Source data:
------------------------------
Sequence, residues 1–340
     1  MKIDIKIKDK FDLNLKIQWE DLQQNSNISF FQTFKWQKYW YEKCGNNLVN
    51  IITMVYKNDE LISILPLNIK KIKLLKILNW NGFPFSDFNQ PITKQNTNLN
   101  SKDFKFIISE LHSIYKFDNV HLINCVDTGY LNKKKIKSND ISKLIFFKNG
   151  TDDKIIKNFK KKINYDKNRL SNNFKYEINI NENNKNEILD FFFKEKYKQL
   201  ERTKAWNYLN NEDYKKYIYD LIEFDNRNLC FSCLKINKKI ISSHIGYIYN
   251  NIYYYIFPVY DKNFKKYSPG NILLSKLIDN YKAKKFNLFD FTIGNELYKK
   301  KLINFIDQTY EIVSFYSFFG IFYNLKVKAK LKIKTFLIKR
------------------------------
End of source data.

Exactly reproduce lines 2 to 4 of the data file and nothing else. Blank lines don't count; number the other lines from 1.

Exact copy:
     1  MKIDIKIKDK FDLNLKIQWE DLQQNSNISF FQTFKWQKYW YEKCGNNLVN
    51  IITMVYKNDE LISILPLNIK KIKLLKILNW NGFPFSDFNQ PITKQNTNLN
   101  SKDFKFIISE LHSIYKFDNV HLINCVDTGY LNKKKIKSND ISKLIFFKNG